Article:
Murchison walks off Oakajee project

THE BOURSE WHISPERER: The worst kept secret of the last week was revealed when Murchison Metals announced it had entered into a conditional sale agreement with Japanese company Mitsubishi in relation to all of the former’s interests in Crosslands Resources.

Crosslands Resources is the owner of the Jack Hills expansion project, and the much anticipated Oakajee Port and Rail project.

 

Proposed site of the Oakajee port. Source: OPR web site

Speculation had been mounting since Murchison was placed in a self-imposed trading halt earlier this week that Mitsubishi would emerge to take control of the $6 billion Oakajee port and rail project with $325 million straining the seams of its trouser pockets.

After it has managed to offload its Crossland interests Murchison will have no ongoing exposure to the risks associated with project development, or the requirement to continue funding their ongoing development.

As it clicked the top of its biro over the agreement, Murchison agreed to continue funding Crosslands and OPR through to completion.

It has agreed to support interim budgets for the period from 1 January 2012 to 31 March 2012, capping its net exposure to the interim budgets at $11.2 million.

Subject to a pro rata scale back the transaction should be completed before 31 March 2012.

Now with a whack of cash, some early stage projects in the Pilbara region of Western Australia, and a reasonable amount of debt; it will be interesting to see where the company heads to from here.

The transaction is subject to a limited number of conditions. These include gaining the approval of Murchison shareholders at a meeting scheduled to occur prior to 15 February 2012.

Under the terms of the transaction, Murchison is free to continue to seek superior proposals up until and if it gets the nod from shareholders.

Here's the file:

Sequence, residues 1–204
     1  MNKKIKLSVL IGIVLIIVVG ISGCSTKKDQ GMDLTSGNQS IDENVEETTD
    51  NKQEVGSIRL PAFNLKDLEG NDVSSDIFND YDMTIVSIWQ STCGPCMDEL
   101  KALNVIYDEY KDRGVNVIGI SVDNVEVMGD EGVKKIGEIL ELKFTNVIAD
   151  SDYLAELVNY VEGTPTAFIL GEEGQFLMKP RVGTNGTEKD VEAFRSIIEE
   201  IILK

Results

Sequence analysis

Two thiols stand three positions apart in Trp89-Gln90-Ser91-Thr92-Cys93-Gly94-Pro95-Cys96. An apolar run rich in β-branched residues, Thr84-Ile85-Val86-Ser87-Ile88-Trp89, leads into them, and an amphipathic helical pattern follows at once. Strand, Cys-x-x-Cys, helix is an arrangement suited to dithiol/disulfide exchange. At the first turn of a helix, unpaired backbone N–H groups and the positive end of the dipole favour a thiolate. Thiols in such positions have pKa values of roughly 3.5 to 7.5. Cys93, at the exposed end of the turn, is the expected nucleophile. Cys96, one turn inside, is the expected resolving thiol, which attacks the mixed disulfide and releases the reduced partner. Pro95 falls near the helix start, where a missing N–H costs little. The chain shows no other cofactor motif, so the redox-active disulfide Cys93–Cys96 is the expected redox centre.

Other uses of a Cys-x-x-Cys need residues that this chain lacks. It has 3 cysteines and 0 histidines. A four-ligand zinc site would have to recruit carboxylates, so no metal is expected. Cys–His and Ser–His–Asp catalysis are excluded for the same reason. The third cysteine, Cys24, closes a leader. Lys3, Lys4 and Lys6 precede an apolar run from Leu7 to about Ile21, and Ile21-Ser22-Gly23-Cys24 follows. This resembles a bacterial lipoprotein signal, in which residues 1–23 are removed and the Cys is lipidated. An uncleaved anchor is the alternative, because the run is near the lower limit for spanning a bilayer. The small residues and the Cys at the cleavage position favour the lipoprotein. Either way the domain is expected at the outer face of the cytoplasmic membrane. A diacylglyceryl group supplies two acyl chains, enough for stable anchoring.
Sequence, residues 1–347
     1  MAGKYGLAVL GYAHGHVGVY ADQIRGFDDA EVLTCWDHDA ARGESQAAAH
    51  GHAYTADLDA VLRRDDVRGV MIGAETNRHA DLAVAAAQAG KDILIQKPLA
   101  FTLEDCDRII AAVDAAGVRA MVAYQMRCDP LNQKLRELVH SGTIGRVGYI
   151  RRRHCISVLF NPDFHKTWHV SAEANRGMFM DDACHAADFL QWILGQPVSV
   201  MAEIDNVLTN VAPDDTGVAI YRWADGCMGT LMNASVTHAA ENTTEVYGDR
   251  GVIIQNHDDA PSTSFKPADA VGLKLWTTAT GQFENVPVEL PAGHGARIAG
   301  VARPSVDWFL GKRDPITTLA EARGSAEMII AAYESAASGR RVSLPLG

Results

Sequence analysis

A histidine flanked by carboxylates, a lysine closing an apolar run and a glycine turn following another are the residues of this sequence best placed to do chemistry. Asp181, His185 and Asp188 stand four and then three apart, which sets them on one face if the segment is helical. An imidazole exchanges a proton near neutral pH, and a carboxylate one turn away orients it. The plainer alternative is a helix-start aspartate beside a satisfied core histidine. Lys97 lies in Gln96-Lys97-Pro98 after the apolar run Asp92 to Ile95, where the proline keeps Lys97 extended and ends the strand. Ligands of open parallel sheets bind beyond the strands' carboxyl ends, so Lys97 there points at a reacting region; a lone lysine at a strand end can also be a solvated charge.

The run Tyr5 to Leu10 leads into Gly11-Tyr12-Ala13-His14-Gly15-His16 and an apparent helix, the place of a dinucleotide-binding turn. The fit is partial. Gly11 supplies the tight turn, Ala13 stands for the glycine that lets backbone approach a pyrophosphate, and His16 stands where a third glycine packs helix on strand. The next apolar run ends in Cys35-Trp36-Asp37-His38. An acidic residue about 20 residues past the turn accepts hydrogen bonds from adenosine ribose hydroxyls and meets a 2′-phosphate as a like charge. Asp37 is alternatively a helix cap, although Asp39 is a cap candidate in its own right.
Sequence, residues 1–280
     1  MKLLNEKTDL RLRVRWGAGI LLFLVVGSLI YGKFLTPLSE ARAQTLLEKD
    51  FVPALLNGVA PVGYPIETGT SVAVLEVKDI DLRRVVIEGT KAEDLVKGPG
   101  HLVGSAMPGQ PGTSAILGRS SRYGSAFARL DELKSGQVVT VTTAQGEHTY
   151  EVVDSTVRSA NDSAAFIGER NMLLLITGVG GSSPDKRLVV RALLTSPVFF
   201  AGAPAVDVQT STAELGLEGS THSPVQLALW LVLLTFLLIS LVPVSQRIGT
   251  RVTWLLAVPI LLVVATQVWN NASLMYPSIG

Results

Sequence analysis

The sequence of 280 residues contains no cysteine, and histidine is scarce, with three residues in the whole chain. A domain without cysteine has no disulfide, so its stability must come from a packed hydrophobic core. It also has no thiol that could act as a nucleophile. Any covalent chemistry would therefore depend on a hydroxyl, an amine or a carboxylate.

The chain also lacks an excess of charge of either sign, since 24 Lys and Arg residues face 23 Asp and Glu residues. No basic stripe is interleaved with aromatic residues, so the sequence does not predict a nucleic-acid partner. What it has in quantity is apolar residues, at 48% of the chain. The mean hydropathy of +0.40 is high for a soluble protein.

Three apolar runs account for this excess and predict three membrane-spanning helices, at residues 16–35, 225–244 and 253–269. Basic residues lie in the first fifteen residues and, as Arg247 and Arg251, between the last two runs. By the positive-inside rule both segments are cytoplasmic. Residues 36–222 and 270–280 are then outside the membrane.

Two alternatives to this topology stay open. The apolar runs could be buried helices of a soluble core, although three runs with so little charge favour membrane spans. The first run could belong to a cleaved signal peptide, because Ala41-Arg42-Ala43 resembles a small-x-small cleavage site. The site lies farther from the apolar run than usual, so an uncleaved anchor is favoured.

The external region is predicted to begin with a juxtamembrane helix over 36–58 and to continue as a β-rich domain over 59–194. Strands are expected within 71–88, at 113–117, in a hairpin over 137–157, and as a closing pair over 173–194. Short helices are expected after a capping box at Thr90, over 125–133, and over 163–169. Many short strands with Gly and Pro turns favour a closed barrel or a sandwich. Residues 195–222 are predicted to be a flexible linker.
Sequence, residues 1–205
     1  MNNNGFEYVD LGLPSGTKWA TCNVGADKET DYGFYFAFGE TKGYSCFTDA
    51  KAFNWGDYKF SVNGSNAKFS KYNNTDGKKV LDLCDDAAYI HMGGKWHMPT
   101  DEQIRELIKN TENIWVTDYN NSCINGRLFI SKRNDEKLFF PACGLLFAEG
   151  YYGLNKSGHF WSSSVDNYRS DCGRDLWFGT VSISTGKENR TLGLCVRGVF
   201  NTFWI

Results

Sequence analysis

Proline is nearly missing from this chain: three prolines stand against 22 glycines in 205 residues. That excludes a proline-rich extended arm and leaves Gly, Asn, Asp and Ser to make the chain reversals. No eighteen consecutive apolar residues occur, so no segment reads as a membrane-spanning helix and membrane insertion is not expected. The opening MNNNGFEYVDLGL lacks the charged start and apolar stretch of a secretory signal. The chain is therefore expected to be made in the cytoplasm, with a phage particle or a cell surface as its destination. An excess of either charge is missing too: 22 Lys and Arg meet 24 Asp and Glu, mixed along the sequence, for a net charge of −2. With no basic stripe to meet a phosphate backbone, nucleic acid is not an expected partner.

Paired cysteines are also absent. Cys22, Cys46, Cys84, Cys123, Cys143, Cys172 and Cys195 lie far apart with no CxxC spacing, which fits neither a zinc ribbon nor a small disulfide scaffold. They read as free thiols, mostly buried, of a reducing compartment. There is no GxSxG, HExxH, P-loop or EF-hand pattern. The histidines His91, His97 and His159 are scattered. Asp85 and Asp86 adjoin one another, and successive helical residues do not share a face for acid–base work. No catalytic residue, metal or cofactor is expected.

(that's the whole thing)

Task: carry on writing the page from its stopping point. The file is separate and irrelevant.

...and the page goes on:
Should the Murchison Board opt to change its recommendation supporting the transaction, recommends a third party proposal or terminates the Share and Asset Purchase Agreement due to a superior proposal it will be liable to pay a break fee of $3 million.
 
“The company has tested third party interest in Murchison and its assets over recent months, and at this time it is the Board’s unanimous view that the transaction is in the best interests of shareholders,” Murchison Metals managing director Greg Martin said in the company’s announcement to the Australian Securities Exchange.
 
“The Murchison team has worked extremely hard to unlock value for its shareholders in recent months, and it is our view that the transaction represents a solid outcome in very challenging circumstances.

“Mitsubishi has put forward an offer that represents a good financial result for Murchison shareholders, although we will also continue to pursue discussions with other parties to give shareholders comfort this is the best option available.”

That Murchison has decided to pull the pin shouldn’t really be all that surprising.

Hindsight is often quoted as being a wonderful thing and a passage from the company’s update to the market in October probably should have raised more eyebrows than it did.

 “Murchison considers that the project schedule is largely dependent on the resolution of commercial arrangements between OPR and its targeted foundation customers,” the company said.

“To date, agreement on these commercial arrangements has not been achieved, such that the project development schedule remains uncertain.

“Murchison believes that restructuring the ownership of OPR represents the best means of achieving a commercial outcome that meets the needs of all parties and would enable the projects to proceed.

“Consequently, Murchison is actively engaging, or seeking to engage, with all stakeholders and parties with an interest in the development of the projects, including the WA Government, to achieve such an outcome.”

There’s no more certain way of ‘restructuring the ownership of OPR’ than selling it.